Time for business to respect nature

The World Wildlife fund has set up an office in Abu Dhabi following the increasing awareness of how businesses affect the environment

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By  Charlotte McDonald Published  March 8, 2001

For a long time, the Arabian Peninsula may not have paid much attention to conservation issues, but now they’re moving to the top of the agenda and business had better beware. A sign of the changing times is a decision by the World Wildlife Fund (WWF) to open an office in Abu Dhabi – a venture not considered a priority before now.

“Most NGOs [Non-Governmental Organisations] don’t have the resources to cover everything – they have to make choices and put priority on certain issues,” says Dr Frederick Launay, acting director of the WWF UAE project office. “So for a very long time the Arabian Peninsula was not on the list. More recently, [however,] WWF International decided to focus its activities on global eco-regions which, if conserved, will preserve 80% of the overall world biodiversity.”

Because there is no real legal framework on which local or international NGOs can act, a challenge in itself, WWF has had to work with local environmental organisation ERWDA (Environmental Research and Wildlife Development Agency). In 1999 a Memorandum of Understanding was signed to allow ERWDA to provide the legal framework on which WWF started its operation. Now, WWF will be striving hard to establish a Middle Eastern presence and eventually become an independent body.

Among priority projects to concentrate on are the marine environment and the protection of endangered species. But WWF will also concentrate on working closely with businesses to help maximise their awareness of conservation issues.

“After conservation, there is then the question of how to implement action. 30 years ago, this country was not at the stage it is now,” explains Dr Launay. “The understanding of conservation issues was not there. The economic and the infrastructure backgrounds were not there either. Now all of these factors are here together – it’s a good opportunity to start something here in the UAE.”

Several factors need to be thought about regarding the impact of environmental legislation on businesses, be they established or new ventures. For starters, Dr Launay says that development will in future be closely regulated.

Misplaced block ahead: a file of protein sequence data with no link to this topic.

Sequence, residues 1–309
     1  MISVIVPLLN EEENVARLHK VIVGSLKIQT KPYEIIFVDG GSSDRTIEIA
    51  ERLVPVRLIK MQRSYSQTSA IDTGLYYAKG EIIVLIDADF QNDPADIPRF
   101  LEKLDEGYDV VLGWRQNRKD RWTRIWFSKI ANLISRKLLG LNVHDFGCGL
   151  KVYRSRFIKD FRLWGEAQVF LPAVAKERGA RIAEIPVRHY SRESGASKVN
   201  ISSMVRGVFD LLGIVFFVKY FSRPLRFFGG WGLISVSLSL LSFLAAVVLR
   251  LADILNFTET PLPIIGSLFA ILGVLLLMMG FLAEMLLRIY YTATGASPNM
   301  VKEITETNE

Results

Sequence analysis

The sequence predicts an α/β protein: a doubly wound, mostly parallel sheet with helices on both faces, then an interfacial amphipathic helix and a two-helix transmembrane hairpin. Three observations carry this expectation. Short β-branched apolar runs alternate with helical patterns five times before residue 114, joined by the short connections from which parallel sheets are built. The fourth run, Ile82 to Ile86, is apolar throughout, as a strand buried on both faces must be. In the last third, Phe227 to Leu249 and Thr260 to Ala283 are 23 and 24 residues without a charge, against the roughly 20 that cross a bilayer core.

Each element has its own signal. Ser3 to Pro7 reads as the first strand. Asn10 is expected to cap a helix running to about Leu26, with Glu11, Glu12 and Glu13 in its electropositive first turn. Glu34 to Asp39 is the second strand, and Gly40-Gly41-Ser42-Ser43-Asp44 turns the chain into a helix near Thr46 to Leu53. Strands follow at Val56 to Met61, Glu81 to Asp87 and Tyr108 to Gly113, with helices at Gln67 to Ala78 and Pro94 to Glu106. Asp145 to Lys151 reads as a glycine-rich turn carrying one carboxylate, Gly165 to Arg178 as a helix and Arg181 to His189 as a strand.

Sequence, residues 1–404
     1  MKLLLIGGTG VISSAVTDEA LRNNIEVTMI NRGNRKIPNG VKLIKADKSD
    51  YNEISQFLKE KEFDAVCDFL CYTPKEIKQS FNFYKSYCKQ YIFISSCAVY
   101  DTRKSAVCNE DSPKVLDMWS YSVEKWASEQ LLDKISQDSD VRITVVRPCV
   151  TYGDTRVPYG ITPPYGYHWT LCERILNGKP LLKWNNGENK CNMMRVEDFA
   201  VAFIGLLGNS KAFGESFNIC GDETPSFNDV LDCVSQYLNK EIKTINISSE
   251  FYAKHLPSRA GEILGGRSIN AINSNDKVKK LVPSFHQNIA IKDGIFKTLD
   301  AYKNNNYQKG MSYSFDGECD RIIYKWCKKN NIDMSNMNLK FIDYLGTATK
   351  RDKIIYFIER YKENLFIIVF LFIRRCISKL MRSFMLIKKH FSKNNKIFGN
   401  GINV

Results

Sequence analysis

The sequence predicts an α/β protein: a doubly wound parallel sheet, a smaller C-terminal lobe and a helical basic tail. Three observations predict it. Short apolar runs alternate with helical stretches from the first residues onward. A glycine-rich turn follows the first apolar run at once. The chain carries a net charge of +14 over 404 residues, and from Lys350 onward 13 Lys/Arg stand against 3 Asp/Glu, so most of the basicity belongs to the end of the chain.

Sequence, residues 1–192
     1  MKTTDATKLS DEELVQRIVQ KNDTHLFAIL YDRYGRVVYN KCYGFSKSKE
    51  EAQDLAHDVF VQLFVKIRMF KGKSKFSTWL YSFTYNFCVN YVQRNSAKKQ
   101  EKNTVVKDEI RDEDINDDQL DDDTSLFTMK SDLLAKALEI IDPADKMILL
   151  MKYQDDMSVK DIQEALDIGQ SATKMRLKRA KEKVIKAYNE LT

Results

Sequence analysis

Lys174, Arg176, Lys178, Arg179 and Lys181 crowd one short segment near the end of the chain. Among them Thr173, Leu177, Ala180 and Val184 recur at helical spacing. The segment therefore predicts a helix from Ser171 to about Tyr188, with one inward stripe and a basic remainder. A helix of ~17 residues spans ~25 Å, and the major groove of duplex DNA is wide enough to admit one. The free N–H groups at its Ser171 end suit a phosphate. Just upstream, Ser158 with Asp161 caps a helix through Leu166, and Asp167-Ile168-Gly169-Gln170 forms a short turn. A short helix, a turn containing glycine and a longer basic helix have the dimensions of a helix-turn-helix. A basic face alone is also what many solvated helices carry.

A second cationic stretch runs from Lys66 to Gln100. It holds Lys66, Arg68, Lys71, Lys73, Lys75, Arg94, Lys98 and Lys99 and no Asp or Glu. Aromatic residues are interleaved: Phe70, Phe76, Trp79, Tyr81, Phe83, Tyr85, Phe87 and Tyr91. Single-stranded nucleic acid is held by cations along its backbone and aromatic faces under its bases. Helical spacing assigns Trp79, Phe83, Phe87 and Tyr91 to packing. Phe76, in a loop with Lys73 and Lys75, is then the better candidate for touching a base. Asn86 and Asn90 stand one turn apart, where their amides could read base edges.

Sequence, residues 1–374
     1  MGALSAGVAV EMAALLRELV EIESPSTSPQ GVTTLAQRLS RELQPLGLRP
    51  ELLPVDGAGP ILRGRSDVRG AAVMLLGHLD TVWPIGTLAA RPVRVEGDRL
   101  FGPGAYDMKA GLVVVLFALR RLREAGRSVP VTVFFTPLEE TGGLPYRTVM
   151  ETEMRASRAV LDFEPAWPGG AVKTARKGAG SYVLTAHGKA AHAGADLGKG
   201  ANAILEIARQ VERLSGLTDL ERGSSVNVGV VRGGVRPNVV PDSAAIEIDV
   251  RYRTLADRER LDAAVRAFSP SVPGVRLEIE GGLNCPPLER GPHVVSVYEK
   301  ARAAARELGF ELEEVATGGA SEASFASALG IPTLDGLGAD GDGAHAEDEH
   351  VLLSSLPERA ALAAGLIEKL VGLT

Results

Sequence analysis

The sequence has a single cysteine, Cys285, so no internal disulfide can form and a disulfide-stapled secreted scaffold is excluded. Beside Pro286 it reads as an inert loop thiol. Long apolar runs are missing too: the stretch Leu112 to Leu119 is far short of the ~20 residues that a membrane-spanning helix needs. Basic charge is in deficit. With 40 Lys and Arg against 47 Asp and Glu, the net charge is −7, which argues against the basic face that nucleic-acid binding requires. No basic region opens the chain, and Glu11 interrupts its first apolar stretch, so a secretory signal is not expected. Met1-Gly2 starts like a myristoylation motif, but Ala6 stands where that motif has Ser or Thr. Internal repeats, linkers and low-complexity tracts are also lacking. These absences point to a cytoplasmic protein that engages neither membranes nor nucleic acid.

“Take for example the development of a new beach resort,” he says. “This has an impact on the coastal area. As a company, if you are to go through an environmental impact assessment process, there are a completely different set of rules that actually have to be applied. Emerging businesses here need to take into consideration the environmental impact of their project. It will take a couple of years to be implemented but it is coming. By law, businesses will have to go through this process.”

But even before legislation is implemented, WWF intends to start doing all it can to grow businesses’ awareness of conservation issues. “WWF has always been an organisation that has a link with businesses and industry in its conservation activity,” says Dr Launay. “All businesses and industries have an impact on nature conservation. We really believe that by talking to business partners we can have an impact on conservation issues.”

Generally speaking, WWF is surprised by the positive response from businesses and its willingness to embrace environmental legislation. “They have a good understanding and are quite responsible in the way that they want to combat the issues,” says Dr Launay. “There are businesses that are very much aware of the need for conservation. There are some that are a little bit behind. We are the key component to make more people aware of their responsibilities, [and] of the consequences of their actions.” he added.

However, can developing economies realistically be expected to pursue decent environmental standards? Dr Launay seems to believe so, but he believes that it’s up to the big players to take the lead. “A big corporation or business can show the way for other businesses,” he says. “Only then is it more likely to have a quicker effect and set an example to the local decision maker here to address the critical issues.”

Establishing its presence in the UAE and creating mindshare amongst businesses is paramount for WWF’s success. A game plan must be executed. “We are just starting in the UAE, so we have to establish a presence of mutual confidence and we have to demonstrate very clearly that we are adding value to the UAE in terms of conservation,” says Dr Launay.

He is confident, however, that anything is possible. Things have started moving extremely fast on the environmental front in the last six months. “We have gathered a lot of support from businesses and from the government,” says Dr Launay. “High ranking people here openly welcome us and say that there is room for us to play a role here. We are here to invest in the long term.”

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